7. Bridges, Jeff (2 June 2014). "#NotAllMen Don’t Get It". Time (Magazine). Retrieved 8 June 2014. 
  8. Plait, Phil (27 May 2014). "#YesAllWomen". Slate. Retrieved 6 June 2014. 
  9. Maxwell, Zerlina (5 June 2014). "The insane (and hopeless) logic of #YesAllWomen critics". Wikipedia:The Washington Post. Retrieved 6 June 2014. 
  10. Grinberg, Emanuella (26 May 2014). "Why #YesAllWomen took off on Twitter". Wikipedia:CNN. Retrieved 6 June 2014. 
  11. Pachal, Pete (26 May 2014). "How the #YesAllWomen Hashtag Began". Wikipedia:Mashable. Retrieved 6 June 2014. 
  12. 12.0 12.1 Valenti, Jessica. "#YesAllWomen reveals the constant barrage of sexism that women face". Wikipedia:The Guardian. Retrieved 8 June 2014. 
  13. "#YesAllWomen Puts Spotlight On Misogyny". NPR. 28 May 2014. 
  14. Feeney, Nolan (25 May 2014). "The Most Powerful #YesAllWomen Tweets". Time. Retrieved 6 June 2014. 
  15. Hess, Amanda (29 May 2014). "“If I Can’t Have Them, No One Will”: How Misogyny Kills Men". Slate. Retrieved 9 June 2014.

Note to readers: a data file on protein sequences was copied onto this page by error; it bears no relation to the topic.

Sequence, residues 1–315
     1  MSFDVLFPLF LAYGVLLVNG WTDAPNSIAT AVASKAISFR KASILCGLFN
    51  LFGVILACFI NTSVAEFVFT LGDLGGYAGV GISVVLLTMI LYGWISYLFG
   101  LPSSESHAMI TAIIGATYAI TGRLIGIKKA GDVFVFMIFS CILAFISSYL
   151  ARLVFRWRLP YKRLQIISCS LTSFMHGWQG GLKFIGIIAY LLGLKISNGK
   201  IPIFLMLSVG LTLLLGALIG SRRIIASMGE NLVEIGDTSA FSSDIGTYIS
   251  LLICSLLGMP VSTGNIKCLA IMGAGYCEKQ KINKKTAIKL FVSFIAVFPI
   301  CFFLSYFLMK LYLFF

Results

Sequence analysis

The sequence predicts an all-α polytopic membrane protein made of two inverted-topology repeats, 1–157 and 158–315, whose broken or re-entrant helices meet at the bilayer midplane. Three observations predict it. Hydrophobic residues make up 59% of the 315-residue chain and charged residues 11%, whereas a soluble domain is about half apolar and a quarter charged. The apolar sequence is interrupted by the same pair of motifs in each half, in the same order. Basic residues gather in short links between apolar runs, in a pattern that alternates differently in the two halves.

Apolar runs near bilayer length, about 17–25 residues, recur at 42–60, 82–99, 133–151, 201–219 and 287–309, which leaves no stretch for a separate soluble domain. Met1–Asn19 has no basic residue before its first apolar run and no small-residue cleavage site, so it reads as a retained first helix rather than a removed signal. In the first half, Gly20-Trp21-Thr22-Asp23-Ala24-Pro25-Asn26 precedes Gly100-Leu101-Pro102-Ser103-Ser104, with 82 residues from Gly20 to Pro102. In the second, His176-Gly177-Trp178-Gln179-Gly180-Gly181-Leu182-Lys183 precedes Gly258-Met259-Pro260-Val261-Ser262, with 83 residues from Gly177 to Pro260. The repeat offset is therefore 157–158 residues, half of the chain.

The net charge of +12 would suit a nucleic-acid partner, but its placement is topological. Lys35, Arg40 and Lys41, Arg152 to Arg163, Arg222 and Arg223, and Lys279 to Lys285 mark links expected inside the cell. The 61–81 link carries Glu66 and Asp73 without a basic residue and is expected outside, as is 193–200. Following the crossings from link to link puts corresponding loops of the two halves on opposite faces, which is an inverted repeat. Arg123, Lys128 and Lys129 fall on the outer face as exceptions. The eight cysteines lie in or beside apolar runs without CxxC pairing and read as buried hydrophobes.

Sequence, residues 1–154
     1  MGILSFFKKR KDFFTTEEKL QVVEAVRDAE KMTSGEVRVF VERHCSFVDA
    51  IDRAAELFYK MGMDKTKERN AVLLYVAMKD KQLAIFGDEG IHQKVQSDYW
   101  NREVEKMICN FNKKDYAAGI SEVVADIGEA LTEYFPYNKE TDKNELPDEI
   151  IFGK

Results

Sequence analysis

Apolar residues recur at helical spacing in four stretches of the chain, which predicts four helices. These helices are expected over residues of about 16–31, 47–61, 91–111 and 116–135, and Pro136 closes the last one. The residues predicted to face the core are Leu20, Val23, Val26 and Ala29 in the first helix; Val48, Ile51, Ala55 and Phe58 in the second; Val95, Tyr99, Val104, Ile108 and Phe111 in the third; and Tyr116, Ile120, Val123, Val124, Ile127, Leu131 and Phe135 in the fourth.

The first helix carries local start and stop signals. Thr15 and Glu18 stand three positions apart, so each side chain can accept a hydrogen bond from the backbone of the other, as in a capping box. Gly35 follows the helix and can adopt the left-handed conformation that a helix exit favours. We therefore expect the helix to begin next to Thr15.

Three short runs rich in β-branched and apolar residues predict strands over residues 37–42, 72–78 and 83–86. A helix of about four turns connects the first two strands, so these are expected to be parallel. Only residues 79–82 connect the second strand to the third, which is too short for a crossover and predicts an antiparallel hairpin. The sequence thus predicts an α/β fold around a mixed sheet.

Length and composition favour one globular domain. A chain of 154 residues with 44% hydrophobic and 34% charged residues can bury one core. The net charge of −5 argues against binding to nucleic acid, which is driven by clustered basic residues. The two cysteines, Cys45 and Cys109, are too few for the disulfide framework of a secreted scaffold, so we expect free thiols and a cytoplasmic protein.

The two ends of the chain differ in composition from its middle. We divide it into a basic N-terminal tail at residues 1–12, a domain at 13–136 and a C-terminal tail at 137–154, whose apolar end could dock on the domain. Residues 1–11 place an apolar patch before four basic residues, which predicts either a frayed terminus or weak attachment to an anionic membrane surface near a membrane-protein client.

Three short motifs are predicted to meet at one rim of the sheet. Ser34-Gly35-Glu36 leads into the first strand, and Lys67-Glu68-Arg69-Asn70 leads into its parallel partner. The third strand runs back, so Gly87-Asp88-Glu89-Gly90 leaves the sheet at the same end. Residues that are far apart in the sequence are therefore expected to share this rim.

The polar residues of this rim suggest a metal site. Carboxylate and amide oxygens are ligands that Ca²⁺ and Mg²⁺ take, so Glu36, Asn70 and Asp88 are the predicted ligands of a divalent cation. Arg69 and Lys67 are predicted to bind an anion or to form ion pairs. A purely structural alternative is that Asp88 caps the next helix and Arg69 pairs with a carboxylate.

16. Yan, Holly (27 May 2014). "Inside the gunman's head: Rejection, jealousy and vow to kill 'beautiful girls'". CNN. Retrieved 9 June 2014. 
  17. 17.0 17.1 Weiss, Sasha (26 May 2014). "The Power Of #YesAllWomen". Wikipedia:The New Yorker. Retrieved 6 June 2014. 
  18. Template:Cite news
  19. "#YesAllWomen: Rebecca Solnit on the Santa Barbara Massacre & Viral Response to Misogynist Violence". Wikipedia:Democracy Now!. 27 May 2014. Retrieved 8 June 2014. 
  20. Template:Cite news
  21. Template:Cite news
  22. Template:Cite news
  23. Template:Cite news
  24. McDonough, Katie. "This is the #YesAllWomen comic the New York Times wouldn’t publish". Salon. Retrieved 6 June 2014. 

External linksEdit

Wikipedia:Template:Feminism Wikipedia:Template:Discrimination

Wikipedia:Category:Women's rights Wikipedia:Category:Violence against women Wikipedia:Category:Feminism in the United States Wikipedia:Category:Social media Wikipedia:Category:Hashtags